It’s the city of the Renaissance, visited by millions each year for Michelangelo, Botticelli, Leonardo and the rest of Florence’s historic luminaries.
IMAGE: DONALD STRACHAN
But Florentines themselves don’t live in the past. There’s a real buzz about the new top floor of Florence’s Mercato Centrale, especially in the evening. Dining is freestyle, informal, a contrast to the city’s sit-down, jacketed-waitstaff image. There’s handmade pasta, seafood, cold-cut counters and even a trippaio, a tripe vendor—lampredotto, a cow’s fourth stomach, is Florence’s authentic street food. When Fiorentina’s football team are playing, you can watch all the action here on the big screen. Nearby, Florence’s new Brewdog nails the industrial look of other bars in the franchise. Brewdog’s uncompromising Scottish craft beers plus guests from all over Europe flow from a dozen taps.
IMAGE: LOST IN FLORENCE
Across town, CiBi is another restaurant which only opened this year. Here I’ve eaten baccalà (salt cod) mousse with crudités; roast octopus with parsley and potato cream. These ingredients are familiar to a Tuscan palate, certainly. But CiBi’s dishes are fresher and friskier than the hearty stews and game pasta of Florentine traditional cooking.
The City of Michelangelo
IMAGE: DONALD STRACHAN
In fact, there’s more than enough of modern Florence to fill a long weekend. But what about art? This is the city of Michelangelo, remember, and “selling” modern art to visitors who come here for a diet of Renaissance, Renaissance and more Renaissance must be a tough task.
Yet a new museum is turning that assumption on its head. Opened in summer 2014, the Museo Novecento has a permanent collection of painting and sculpture that focuses on some of the 20th century’s most significant movements, including Futurism. Displays cover three floors, whisking you backwards in time from the geometrical sculpture of young Florentines who displayed at the 1988 Venice Biennale through a checklist of the Italian 20th century. It includes Giorgio Morandi and De Chirico, name-checking the Sei di Torino, Rome’s Scuola di Via Cavour, and the avant garde along the way.
IMAGE: DONALD STRACHAN
“It is also an interdisciplinary museum, which continually integrates the visual arts with music, theatre, literature, architecture and so on,” explains museum director Dr. Valentina Gensini. Exhibits cover the genesis of a couple of icons: the Pitti fashion shows and annual Maggio Musicale opera festival. There’s modern exposition, too; iPads scattered around, audio and video reels, and plenty in English. Visitors don’t escape the past entirely—the museum lives inside a former hospital, founded in the 1200s then revamped during the Renaissance by one of architecture’s big cheeses, Michelozzo—but there are precious few nods to the distant past.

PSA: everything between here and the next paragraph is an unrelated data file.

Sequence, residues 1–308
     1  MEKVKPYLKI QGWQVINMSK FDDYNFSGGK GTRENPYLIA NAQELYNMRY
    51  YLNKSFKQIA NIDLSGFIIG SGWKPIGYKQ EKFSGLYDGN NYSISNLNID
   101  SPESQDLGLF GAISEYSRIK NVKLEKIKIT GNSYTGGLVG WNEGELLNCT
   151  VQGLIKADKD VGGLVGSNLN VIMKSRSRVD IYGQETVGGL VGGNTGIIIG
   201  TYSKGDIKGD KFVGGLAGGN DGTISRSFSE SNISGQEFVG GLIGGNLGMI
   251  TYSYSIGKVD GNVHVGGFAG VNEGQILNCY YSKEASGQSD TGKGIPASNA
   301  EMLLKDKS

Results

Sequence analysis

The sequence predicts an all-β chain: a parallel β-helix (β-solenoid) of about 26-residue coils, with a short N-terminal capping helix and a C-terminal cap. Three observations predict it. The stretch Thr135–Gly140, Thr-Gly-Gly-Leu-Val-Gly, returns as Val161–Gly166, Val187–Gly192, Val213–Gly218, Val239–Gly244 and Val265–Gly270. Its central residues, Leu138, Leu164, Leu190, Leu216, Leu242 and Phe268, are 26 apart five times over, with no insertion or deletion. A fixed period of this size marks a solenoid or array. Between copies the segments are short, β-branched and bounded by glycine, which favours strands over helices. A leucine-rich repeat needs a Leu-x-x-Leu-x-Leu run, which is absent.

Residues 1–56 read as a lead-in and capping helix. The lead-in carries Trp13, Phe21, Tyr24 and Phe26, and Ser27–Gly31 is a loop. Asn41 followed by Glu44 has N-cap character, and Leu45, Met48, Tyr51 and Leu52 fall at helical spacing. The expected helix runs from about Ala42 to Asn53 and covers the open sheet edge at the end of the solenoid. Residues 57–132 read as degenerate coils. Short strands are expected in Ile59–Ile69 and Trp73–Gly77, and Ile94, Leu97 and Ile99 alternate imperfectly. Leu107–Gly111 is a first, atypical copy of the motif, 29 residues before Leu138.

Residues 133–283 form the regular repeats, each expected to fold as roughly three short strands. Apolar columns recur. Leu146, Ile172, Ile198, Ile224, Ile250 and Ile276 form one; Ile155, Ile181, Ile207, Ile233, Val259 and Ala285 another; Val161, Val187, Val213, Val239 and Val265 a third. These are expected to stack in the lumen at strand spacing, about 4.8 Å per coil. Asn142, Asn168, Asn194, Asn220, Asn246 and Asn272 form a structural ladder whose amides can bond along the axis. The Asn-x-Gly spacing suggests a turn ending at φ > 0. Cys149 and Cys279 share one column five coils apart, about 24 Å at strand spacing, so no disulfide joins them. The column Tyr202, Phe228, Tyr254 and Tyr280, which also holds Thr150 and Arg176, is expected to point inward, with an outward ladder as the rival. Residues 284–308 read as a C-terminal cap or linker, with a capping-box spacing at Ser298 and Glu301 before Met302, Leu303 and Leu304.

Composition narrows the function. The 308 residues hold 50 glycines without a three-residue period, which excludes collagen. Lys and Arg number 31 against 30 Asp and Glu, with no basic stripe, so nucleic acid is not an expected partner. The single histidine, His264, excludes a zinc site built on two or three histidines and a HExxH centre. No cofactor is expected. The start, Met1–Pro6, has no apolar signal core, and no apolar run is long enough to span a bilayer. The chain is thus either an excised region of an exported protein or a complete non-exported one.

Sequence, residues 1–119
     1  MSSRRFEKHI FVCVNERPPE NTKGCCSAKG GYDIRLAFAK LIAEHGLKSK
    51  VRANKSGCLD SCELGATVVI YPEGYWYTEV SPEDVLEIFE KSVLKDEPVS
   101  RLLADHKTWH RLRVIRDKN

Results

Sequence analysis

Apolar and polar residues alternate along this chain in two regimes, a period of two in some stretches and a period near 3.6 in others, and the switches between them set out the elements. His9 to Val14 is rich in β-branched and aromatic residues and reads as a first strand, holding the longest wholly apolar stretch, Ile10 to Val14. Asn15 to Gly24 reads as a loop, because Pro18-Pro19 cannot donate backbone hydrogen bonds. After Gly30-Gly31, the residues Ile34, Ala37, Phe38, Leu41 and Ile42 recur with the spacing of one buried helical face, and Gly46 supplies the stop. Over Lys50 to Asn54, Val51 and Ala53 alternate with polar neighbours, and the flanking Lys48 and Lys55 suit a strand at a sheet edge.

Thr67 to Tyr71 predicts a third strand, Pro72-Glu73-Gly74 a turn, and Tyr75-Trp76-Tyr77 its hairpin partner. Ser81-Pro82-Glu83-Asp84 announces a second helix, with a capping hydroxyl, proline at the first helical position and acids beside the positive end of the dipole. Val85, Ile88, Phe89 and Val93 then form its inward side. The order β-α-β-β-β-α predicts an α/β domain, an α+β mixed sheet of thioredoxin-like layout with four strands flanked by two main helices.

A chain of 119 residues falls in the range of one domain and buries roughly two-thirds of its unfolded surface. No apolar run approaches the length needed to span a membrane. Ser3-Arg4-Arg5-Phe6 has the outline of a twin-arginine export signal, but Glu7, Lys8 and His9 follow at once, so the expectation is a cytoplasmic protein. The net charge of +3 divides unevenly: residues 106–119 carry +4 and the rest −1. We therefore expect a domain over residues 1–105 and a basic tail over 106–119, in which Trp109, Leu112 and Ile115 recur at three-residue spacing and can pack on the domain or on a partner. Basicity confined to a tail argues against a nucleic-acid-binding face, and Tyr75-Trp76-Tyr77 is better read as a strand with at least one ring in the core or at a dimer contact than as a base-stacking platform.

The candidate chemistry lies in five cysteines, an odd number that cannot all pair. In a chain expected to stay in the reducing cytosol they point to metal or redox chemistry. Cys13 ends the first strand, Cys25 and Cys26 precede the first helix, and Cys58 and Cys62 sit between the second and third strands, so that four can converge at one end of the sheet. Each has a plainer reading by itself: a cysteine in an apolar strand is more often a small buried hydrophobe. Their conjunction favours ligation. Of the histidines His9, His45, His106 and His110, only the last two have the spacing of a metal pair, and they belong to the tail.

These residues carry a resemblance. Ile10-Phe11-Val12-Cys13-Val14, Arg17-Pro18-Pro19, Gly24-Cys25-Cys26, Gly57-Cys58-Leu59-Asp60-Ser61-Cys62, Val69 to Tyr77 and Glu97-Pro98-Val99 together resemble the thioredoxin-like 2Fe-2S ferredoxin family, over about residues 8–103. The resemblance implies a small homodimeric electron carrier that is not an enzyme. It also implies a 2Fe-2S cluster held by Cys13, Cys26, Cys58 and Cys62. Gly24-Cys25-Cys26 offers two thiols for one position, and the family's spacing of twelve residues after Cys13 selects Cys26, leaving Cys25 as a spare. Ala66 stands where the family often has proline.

A magical short film runs on a loop in the museum’s screening room, a patchwork of clips from a century of cinematography. A few frames from a lost Futurist film of 1916, then the rubble of war and occupation; grainy black-and-white gives way to Technicolor, followed by clips from period classics like “Tea with Mussolini” and “Room with a View”. A musical score, peppered with occasional snatches of dialogue, gives it a shamelessly sentimental feel.
What does this 20-minute movie say about the way we see Florence? “The film does not reflect one idea of Florence. It shows a Florence still bound to its Renaissance identity, or sometimes transformed into a mythical place, or involved in current affairs, as in films of the neorealist genre,” says Dr. Gensini.
The Museo Novecento is not alone in flying a modern flag over the cultural scene. There’s usually a contemporary edge to shows at the Palazzo Strozzi—right now it’s Picasso—and the attached Strozzina. Another recent arrival is the Gucci Museo, inside a palace on Piazza della Signoria. Rooms are stuffed with originals, including Oscar-night dresses and one-off designs made for Princess Grace. Fashion-house founder Guccio Gucci was a Florentine, and this collection places his work at the centre of the city’s artisan traditions. Florence always was a place to shop for leather. It still is.
How do modern collections tempt visitors zeroed in on the Renaissance? “It is the contrast that works,” says Dr. Gensini. “The museum not only demonstrates that great artists and great intellectuals worked in Florence, but this city has had the attention of the art world, nationally and internationally.” That attention did not evaporate when the Renaissance left town.
Donald Strachan is a travel journalist who’s written for National Geographic Traveller and Sunday Times Travel Magazine. Check out his latest adventures on his website.He is also co-author of Frommer’s Italy 2015.
The Museums of Michelangelo
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